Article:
In either case, get ready for a really big bang. Naturally, you will wish to retire to a safe place to observe the spectacle. Unfortunately, there is nowhere to retire to because outside the singularity there is no where. When the universe begins to expand, it won't be spreading out to fill a larger emptiness. The only space that exists is the space it creates as it goes.

    It is natural but wrong to visualize the singularity as a kind of pregnant dot hanging in a dark, boundless void. But there is no space, no darkness. The singularity has no "around" around it. There is no space for it to occupy, no place for it to be. We can't even ask how long it has been there--whether it has just lately popped into being, like a good idea, or whether it has been there forever, quietly awaiting the right moment. Time doesn't exist. There is no past for it to emerge from.

    And so, from nothing, our universe begins.

    In a single blinding pulse, a moment of glory much too swift and expansive for any form of words, the singularity assumes heavenly dimensions, space beyond conception. In the first lively second (a second that many cosmologists will devote careers to shaving into ever-finer wafers) is produced gravity and the other forces that govern physics. In less than a minute the universe is a million billion miles across and growing fast. There is a lot of heat now, ten billion degrees of it, enough to begin the nuclear reactions that create the lighter elements--principally hydrogen and helium, with a dash (about one atom in a hundred million) of lithium. In three minutes, 98 percent of all the matter there is or will ever be has been produced. We have a universe. It is a place of the most wondrous and gratifying possibility, and beautiful, too. And it was all done in about the time it takes to make a sandwich.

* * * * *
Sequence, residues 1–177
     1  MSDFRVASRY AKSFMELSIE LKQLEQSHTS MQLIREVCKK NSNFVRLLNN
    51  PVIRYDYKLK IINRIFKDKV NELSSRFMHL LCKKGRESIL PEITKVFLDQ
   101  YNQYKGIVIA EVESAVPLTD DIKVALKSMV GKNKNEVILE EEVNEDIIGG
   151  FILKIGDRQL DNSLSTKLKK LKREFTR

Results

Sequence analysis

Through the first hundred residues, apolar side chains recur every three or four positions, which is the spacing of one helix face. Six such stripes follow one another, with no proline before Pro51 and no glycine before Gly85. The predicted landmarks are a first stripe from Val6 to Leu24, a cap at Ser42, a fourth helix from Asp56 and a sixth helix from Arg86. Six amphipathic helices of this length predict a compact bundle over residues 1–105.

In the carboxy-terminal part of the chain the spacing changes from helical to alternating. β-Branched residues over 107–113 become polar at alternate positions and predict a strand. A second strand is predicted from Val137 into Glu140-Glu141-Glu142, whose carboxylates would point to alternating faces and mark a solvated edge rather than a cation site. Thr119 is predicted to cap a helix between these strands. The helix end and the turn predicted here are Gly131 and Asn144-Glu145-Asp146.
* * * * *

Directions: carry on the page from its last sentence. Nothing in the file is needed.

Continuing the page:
When this moment happened is a matter of some debate. Cosmologists have long argued over whether the moment of creation was 10 billion years ago or twice that or something in between. The consensus seems to be heading for a figure of about 13.7 billion years, but these things are notoriously difficult to measure, as we shall see further on. All that can really be said is that at some indeterminate point in the very distant past, for reasons unknown, there came the moment known to science as t = 0. We were on our way.

    There is of course a great deal we don't know, and much of what we think we know we haven't...
About the Author-
  • Bill Bryson's bestselling books include A Walk in the Woods, The Life and Times of the Thunderbolt Kid, and A Short History of Nearly Everything (which won the Aventis Prize in Britain and the Descartes Prize, the European Union's highest literary award). He was chancellor of Durham University, England's third oldest university, from 2005 to 2011, and is an honorary fellow of Britain's Royal Society.
Reviews-
  • Publisher's Weekly

    April 7, 2003
    As the title suggests, bestselling author Bryson (In a Sunburned Country) sets out to put his irrepressible stamp on all things under the sun. As he states at the outset, this is a book about life, the universe and everything, from the Big Bang to the ascendancy of Homo sapiens.
    "This is a book about how it happened," the author writes. "In particular how we went from there being nothing at all to there being something, and then how a little of that something turned into us, and also what happened in between and since." What follows is a brick of a volume summarizing moments both great and curious in the history of science, covering already well-trod territory in the fields of cosmology, astronomy, paleontology, geology, chemistry, physics and so on. Bryson relies on some of the best material in the history of science to have come out in recent years. This is great for Bryson fans, who can encounter this material in its barest essence with the bonus of having it served up in Bryson's distinctive voice. But readers in the field will already have studied this information more in-depth in the originals and may find themselves questioning the point of a breakneck tour of the sciences that contributes nothing novel. Nevertheless, to read Bryson is to travel with a memoirist gifted with wry observation and keen insight that shed new light on things we mistake for commonplace. To accompany the author as he travels with the likes of Charles Darwin on the Beagle, Albert Einstein or Isaac Newton is a trip worth taking for most readers. First printing 110,000; 11-city author tour.